The respondent Commission on Audit did not only commit a reversible error but was, in fact, guilty of grave abuse of discretion amounting to lack or excess of jurisdiction when it ruled that the monetary award given under the EPSA partakes of the nature of an additional compensation prohibited under the Salary Standardization Law, and other existing laws, rules and regulations, and not a GRATUITY "voluntarily given in return for a favor or services rendered purely out of generosity of the giver or grantor." (Plastic Tower Corporation vs. NLRC, 172 SCRA 580-581).

Apart from being totally oblivious of the fact that the monetary award given under the EPSA was intended or given in return for the exemplary service rendered by its recipient(s), the respondent COA further committed grave abuse of discretion when it effectively nullified a duly-enacted ordinance which is essentially a judicial function. In other words, in the guise of disallowing the disbursement in question, the respondent Commission arrogated unto itself an authority it did not possess, and a prerogative it did not have.

On November 30, 2010, the Court issued a Status Quo Ante Order requiring the parties to maintain the status quo prevailing before the implementation of the assailed COA decisions.


1. Whether the COA has the authority to disallow the disbursement of local government funds?

2. Whether the COA committed grave abuse of discretion in affirming the disallowance of P9,923,257.00 covering the EPSA of former three-term councilors of the City of Manila authorized by Ordinance No. 8040?

HELD: COA decision is affirmed.

POLITICAL LAW: powers and functions of the COA

As held in National Electrification Administration v. Commission on Audit,the ruling in Guevara cited by petitioners has already been overturned by the Court in Caltex Philippines, Inc. v. Commission on Audit.The Court explained that under the 1935 Constitution, the Auditor General could not correct irregular, unnecessary, excessive or extravagant expenditures of public funds, but could only bring the matter to the attention of the proper administrative officer. Under the 1987 Constitution, however, the COA is vested with the authority to determine whether government entities, including LGUs, comply with laws and regulations in disbursing government funds, and to disallow illegal or irregular disbursements of these funds.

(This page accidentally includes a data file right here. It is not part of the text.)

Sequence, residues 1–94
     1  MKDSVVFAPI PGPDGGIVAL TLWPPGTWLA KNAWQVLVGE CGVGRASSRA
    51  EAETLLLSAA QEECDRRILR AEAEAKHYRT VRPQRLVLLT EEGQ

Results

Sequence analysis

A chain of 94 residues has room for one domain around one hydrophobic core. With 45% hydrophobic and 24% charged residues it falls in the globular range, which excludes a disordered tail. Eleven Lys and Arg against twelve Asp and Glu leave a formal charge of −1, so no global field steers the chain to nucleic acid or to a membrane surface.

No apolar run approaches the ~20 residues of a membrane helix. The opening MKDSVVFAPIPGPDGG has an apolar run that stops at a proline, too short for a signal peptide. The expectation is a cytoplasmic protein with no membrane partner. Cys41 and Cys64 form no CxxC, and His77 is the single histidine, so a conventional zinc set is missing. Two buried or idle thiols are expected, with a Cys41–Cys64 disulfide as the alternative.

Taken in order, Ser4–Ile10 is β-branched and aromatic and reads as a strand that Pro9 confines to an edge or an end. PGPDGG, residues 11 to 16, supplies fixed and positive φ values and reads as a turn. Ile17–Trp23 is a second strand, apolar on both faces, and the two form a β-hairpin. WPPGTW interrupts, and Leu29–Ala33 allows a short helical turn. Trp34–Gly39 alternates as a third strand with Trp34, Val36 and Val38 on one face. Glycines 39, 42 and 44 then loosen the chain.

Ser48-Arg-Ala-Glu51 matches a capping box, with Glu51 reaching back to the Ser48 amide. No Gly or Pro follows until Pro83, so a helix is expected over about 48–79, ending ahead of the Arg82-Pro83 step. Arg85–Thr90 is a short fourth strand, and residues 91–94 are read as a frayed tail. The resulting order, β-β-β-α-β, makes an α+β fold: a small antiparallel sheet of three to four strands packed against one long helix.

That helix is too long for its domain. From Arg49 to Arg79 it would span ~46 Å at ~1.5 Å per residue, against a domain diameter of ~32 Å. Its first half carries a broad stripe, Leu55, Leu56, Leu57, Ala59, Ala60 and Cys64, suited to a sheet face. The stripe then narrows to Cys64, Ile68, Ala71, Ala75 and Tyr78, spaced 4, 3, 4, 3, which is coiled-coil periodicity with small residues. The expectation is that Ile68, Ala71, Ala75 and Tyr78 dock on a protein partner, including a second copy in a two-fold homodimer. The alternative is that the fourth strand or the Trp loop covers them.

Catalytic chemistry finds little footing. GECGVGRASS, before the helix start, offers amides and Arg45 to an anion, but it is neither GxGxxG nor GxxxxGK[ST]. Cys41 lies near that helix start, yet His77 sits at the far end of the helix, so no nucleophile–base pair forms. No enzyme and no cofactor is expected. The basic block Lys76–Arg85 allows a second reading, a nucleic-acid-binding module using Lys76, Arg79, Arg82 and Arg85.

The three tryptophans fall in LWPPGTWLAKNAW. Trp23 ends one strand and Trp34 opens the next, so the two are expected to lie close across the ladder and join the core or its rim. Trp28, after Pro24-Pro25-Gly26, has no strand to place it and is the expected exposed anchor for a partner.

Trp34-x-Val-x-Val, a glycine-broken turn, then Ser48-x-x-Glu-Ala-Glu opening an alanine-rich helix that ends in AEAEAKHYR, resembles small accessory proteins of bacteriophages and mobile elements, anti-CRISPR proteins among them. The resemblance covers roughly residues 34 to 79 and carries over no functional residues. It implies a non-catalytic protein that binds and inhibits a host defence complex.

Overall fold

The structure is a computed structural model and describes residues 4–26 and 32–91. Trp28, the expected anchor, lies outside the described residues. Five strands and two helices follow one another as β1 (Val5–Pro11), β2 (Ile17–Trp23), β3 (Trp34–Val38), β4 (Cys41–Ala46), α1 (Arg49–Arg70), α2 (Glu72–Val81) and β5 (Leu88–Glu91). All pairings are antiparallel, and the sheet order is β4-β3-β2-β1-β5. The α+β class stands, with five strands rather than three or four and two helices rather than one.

Section 2, Article IX-D of the Constitution gives a broad outline of the powers and functions of the COA, to wit:

Section 2. (1) The Commission on Audit shall have the power, authority, and duty to examine, audit, and settle all accounts pertaining to the revenue and receipts of, and expenditures or uses of funds and property, owned or held in trust by, or pertaining to, the Government, or any of its subdivisions, agencies, or instrumentalities, including government-owned or controlled corporations with original charters, and on a post-audit basis: (a) constitutional bodies, commissions and offices that have been granted fiscal autonomy under this Constitution; (b) autonomous state colleges and universities; (c) other government-owned or controlled corporations and their subsidiaries; and (d) such non-governmental entities receiving subsidy or equity, directly or indirectly, from or through the Government, which are required by law or the granting institution to submit to such audit as a condition of subsidy or equity. However, where the internal control system of the audited agencies is inadequate, the Commission may adopt such measures, including temporary or special pre-audit, as are necessary and appropriate to correct the deficiencies. It shall keep the general accounts of the Government and, for such period as may be provided by law, preserve the vouchers and other supporting papers pertaining thereto.

(2) The Commission shall have exclusive authority, subject to the limitations in this Article, to define the scope of its audit and examination, establish the techniques and methods required therefor, and promulgate accounting and auditing rules and regulations, including those forthe prevention and disallowance of irregular, unnecessary, excessive, extravagant, or unconscionable expenditures, or uses of government funds and properties.